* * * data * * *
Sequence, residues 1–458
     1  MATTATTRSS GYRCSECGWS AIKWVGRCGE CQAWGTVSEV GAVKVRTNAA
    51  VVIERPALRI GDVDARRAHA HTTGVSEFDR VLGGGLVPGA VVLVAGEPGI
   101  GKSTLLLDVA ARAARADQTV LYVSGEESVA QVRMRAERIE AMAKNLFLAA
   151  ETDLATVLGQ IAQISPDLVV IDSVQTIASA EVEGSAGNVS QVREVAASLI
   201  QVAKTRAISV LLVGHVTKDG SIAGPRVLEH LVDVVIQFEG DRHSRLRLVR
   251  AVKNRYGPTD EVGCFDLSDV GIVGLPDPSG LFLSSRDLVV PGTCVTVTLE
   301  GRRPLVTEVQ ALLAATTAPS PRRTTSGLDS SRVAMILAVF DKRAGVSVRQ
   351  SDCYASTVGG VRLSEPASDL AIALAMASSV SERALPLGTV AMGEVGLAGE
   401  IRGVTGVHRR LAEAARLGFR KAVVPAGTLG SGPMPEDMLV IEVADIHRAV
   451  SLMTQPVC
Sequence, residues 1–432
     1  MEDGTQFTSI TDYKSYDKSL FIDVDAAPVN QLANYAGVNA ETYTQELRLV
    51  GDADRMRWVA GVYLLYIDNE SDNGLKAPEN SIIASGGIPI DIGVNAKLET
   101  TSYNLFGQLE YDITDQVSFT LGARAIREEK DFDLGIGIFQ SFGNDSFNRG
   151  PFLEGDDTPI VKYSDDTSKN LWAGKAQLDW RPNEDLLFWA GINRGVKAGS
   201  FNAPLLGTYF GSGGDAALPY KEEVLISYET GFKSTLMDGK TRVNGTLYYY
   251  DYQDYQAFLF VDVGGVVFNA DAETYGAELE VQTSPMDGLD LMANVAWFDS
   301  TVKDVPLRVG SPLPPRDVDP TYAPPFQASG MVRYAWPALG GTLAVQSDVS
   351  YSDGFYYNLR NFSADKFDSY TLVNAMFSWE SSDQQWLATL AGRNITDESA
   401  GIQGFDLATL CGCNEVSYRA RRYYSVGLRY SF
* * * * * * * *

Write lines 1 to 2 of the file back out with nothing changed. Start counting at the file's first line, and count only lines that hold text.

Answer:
Sequence, residues 1–458
     1  MATTATTRSS GYRCSECGWS AIKWVGRCGE CQAWGTVSEV GAVKVRTNAA